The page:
In United States v. De Francis, 60 App.D.C. 207, 208, 50 F.2d 497, 498, the Court of Appeals for the District of Columbia stated, "Any person who violates the provisions of the Prohibition Act violates the principles of the Constitution of the United States, and cannot be held to be attached to the principles of the Constitution of the United States. Nor can it be said that such a person possesses good moral character."Summary of this case from Costello v. United States
Argued March 4, 1931.
Decided May 4, 1931.
Appeal from the Supreme Court of the District of Columbia.
Petition by the United States Attorney to cancel naturalization certificate of Robert De Francis. From an order dismissing the petition, the United States appeals.
Reversed and remanded.
Leo A. Rover and Rebekah S. Greathouse, both of Washington, D.C., for the United States.
J.S. Hornback and Roger Moore, both of Washington, D.C., for appellee.
Before MARTIN, Chief Justice, and ROBB, VAN ORSDEL, HITZ, and GRONER, Associate Justices.
This appeal is from an order of the Supreme Court of the District, dismissing the petition of the United States Attorney to cancel the naturalization certificate of the appellee, Robert De Francis.
It appears that appellee filed his declaration of intention to become a citizen of the United States on July 11, 1922; and he filed a petition for naturalization on November 22, 1926. In this petition he stated, among other things, "I am attached to the principles of the Constitution of the United States." Attached to the petition were the affidavits of two witnesses to the effect that they had personal knowledge that the petitioner was a person of good moral character, attached to the principles of the Constitution of the United States. These same witnesses appeared before a naturalization examiner and orally testified to the same facts, admitting, however, that they knew that the petitioner had been arrested for violations of the National Prohibition Act (27 USCA), but stated that they did not know the outcome of the arrests. The testimony of these witnesses was repeated under oath in the Supreme Court of the District, at the hearing on the naturalization petition, September 6, 1927. At this time the petitioner also stated under oath that he was attached to the principles of the Constitution of the United States. At the hearing, the naturalization examiner called the attention of the court to the fact that the petitioner had been convicted of violations of the National Prohibition Act. The presiding justice inquired whether there was any proof that petitioner had sold intoxicating liquor, to which the examiner answered in the negative. The certificate of citizenship was thereupon granted.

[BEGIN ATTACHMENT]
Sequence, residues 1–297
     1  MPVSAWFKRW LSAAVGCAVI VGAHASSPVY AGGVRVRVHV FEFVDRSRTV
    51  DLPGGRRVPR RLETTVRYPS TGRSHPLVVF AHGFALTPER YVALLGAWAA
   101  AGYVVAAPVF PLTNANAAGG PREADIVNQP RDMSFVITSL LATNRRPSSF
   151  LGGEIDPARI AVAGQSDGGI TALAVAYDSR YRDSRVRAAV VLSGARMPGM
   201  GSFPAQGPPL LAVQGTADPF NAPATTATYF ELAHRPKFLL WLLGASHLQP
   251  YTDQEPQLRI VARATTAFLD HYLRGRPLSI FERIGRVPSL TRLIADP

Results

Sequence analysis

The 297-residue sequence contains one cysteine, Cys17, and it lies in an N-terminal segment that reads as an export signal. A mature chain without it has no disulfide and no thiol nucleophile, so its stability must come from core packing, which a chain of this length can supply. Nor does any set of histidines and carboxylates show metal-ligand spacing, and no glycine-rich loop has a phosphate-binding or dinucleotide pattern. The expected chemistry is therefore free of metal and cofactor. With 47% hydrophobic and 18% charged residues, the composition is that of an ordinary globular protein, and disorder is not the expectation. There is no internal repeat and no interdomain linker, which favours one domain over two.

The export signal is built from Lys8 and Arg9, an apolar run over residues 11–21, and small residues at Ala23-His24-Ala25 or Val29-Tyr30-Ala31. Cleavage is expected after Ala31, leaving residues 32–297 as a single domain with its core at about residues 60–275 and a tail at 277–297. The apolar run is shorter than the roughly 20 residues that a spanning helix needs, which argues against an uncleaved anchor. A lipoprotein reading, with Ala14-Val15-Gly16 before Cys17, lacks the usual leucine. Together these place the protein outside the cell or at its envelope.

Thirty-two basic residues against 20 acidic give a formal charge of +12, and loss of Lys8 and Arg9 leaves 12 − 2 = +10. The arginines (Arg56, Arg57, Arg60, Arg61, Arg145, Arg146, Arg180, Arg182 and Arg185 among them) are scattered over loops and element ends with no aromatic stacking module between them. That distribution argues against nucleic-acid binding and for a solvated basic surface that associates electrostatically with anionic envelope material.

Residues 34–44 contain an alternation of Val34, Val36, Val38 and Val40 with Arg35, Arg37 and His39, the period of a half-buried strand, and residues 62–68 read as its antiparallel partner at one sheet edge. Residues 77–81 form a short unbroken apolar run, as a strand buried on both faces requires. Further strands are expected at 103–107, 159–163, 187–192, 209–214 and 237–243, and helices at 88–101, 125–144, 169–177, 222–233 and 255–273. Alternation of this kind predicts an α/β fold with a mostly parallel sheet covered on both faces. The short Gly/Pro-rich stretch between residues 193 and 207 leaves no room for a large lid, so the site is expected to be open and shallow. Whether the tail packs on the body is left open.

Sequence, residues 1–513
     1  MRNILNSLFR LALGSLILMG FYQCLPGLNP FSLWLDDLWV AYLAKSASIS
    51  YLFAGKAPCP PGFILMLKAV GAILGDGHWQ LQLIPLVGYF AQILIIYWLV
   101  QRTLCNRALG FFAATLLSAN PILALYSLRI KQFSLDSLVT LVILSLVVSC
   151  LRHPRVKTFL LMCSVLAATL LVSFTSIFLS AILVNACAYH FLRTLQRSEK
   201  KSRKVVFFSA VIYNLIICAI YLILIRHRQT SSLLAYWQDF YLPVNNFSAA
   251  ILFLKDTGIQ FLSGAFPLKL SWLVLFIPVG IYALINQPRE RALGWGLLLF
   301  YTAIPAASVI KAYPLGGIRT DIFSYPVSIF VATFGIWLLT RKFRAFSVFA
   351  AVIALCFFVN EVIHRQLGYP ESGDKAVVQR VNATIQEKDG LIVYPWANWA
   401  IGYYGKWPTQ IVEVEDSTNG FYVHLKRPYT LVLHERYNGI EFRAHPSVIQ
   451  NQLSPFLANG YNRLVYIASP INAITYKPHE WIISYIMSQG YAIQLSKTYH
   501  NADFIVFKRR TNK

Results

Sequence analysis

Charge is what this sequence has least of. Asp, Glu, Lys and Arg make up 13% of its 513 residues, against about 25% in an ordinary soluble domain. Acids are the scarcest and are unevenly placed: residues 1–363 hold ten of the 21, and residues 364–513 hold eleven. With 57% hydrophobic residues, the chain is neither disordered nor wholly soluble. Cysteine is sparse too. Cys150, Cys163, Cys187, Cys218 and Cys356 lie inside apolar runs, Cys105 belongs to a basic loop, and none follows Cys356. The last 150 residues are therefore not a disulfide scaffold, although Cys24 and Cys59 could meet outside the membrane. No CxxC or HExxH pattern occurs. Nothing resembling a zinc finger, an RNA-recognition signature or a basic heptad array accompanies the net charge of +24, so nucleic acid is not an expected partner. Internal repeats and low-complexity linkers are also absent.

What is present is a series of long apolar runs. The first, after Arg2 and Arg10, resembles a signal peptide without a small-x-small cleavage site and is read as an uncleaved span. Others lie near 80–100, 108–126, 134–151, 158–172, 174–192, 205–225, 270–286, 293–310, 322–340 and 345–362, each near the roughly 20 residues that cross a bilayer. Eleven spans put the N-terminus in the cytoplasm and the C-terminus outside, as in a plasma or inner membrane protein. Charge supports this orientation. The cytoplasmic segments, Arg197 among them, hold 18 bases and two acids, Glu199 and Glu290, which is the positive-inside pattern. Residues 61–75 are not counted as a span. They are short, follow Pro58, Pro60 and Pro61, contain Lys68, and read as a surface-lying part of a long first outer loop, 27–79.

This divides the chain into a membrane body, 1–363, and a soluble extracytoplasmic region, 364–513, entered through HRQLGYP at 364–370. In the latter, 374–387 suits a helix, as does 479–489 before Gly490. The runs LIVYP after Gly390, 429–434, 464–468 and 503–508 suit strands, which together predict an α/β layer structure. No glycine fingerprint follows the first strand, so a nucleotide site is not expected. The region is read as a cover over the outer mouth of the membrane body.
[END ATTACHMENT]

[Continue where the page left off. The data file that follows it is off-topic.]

In the petition for cancellation, the United States Attorney charges that the appellee, for the period of five years preceding the filing of his petition for naturalization, and at the time of naturalization, "was not a person of good moral character, nor attached to the principles of the Constitution of the United States, nor well disposed to the good order and happiness of the United States." A number of convictions of criminal offenses, involving the manufacture, sale, and possession of intoxicating liquor, in violation of the Prohibition Act, are set forth in the petition, occurring prior to the date of filing his petition for naturalization, and one conviction for a second offense in the Supreme Court of the District of Columbia on January 7, 1927, which was prior to the hearing on the petition. In all of these cases it is alleged that appellee pleaded guilty to the offenses as charged.
Section 15 of the Act of Congress of June 29, 1906, 34 Stat. 601 (8 USCA § 405), provides: "It shall be the duty of the United States district attorneys for the respective districts, upon affidavit showing good cause therefor, to institute proceedings in any court having jurisdiction to naturalize aliens in the judicial district in which the naturalized citizen may reside at the time of bringing the suit, for the purpose of setting aside and canceling the certificate of citizenship on the ground of fraud or on the ground that such certificate of citizenship was illegally procured."